Wednesday: What’s Hot on CanLII

Each Wednesday we tell you which three English-language cases and which French-language case have been the most viewed* on CanLII and we give you a small sense of what the cases are about.

For this last week:

1. Miller v. Carley, 2009 CanLII 39065 (ON SC)

[1] After a busy day conducting illegal drug transactions, the plaintiff, the defendant and a mutual friend stopped at a corner store where the defendant purchased some “scratch” lottery tickets. One of the tickets proved to be a $5-million winner.

[2] The parties dispute ownership of the winning ticket. If the ticket were a child and the parties vying for custody, I would find them both unfit and bring in Family and Children’s Services.

[3] The case is awash in untruths and curiosities. It is a study in good fortune squandered and generosity abused.

2. R. v. Denis, 2014 ONSC 5987

[1] The Crown has brought an application to remove Ms. Calvinho, as solicitor of record for the Accused for the following reasons:

(a) Firstly, the Crown submits that Defence counsel established a solicitor-client relationship with the husband of the Accused, Robert Joachim, by allegedly advising him and his son Raymond Joachim not to give a statement to police in the phone call between them on Friday September 5, 2014;

(b) Secondly, the Crown submits that even if a solicitor-client relationship was not established, there is a realistic risk that a jury could make a negative inference about the Accused, if they became aware of Ms. Calvinho’s conversation with Mr. Robert Joachim. The Crown submits that this is the case even if I find that Ms. Calvinho only told the Accused’s husband he was not obliged to give a statement to the police or anyone else; and

(c) Thirdly, the Crown submits that Ms. Calvinho may be in a position of conflict in her duty of loyalty to the Accused, as she may be tempted not to call Robert Joachim for the defence to avoid raising the issue of her conversation with him.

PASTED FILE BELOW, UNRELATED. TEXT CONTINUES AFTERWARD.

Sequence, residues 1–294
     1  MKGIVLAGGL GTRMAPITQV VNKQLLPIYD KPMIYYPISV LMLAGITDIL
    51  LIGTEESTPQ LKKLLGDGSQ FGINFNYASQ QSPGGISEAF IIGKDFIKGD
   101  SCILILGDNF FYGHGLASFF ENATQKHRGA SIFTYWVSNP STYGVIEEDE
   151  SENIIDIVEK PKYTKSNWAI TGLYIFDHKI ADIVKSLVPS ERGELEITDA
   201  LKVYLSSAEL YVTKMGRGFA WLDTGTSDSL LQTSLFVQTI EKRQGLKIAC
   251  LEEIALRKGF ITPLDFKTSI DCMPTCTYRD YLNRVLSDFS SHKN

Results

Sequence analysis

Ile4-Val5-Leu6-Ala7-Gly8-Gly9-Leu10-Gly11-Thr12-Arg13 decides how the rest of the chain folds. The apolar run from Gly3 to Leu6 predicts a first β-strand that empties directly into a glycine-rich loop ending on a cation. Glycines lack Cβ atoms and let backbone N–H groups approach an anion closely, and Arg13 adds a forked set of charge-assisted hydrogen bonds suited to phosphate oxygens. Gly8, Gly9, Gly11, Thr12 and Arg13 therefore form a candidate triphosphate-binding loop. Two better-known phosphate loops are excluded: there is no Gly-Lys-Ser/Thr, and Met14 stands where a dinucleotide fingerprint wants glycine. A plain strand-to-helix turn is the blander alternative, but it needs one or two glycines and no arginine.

3. R v Hordyski, 2014 SKCA 102

[7] Mr. Hordyski contends that his trial counsel was incompetent because he for failed to call corroborating evidence to bolster his theory that his relationship with Ms. Peters was dysfunctional and to confirm the extent of his debilitating back injury. That evidence, according to Mr. Hordyski, would prove he did not have the intent to commit the offence.

[8] There is a two-step process involving an allegation of incompetent trial counsel. The first step is to establish that trial counsel’s failure to call corroborating evidence constitutes incompetence and second, that a miscarriage of justice resulted. This test is set out by the Supreme Court of Canada in R v B.(G.D.), 2000 SCC 22 (CanLII), [2000] 1 SCR 520.

The most-consulted French-language decision was Kanavaros c. Artinian, 2014 QCCS 4829

[61] Il n’y a pas dans le présent dossier une réponse scientifique ou judiciaire au fait qu’une personne est atteinte de dommages plus gravement qu’une autre. Le Dr. Côté ignore pourquoi Madame Kanavaros souffre autant d’avoir vu sa réputation être attaquée et bafouée. Consentir à la proposition des défendeurs serait d’accepter qu’ils se sont attaqués à une personne plus fragile qui doit alors seule en porter la conséquence. Un tel énoncé est mal fondé dans les faits.

[62] Ceci étant, il n’y a aucune raison et aucun fait qui militent à l’encontre du droit de Madame Kanavaros d’obtenir une pleine réparation monétaire pour compenser le dommage causé par les défendeurs. De ce qui précède, le Tribunal retient qu’il existe un lien de causalité direct entre le libelle et le trouble de dépression dont souffre Madame Kanavaros.

* As of January 2014 we measure the total amount of time spent on the pages rather than simply the number of hits; as well, a case once mentioned won’t appear again for three months.

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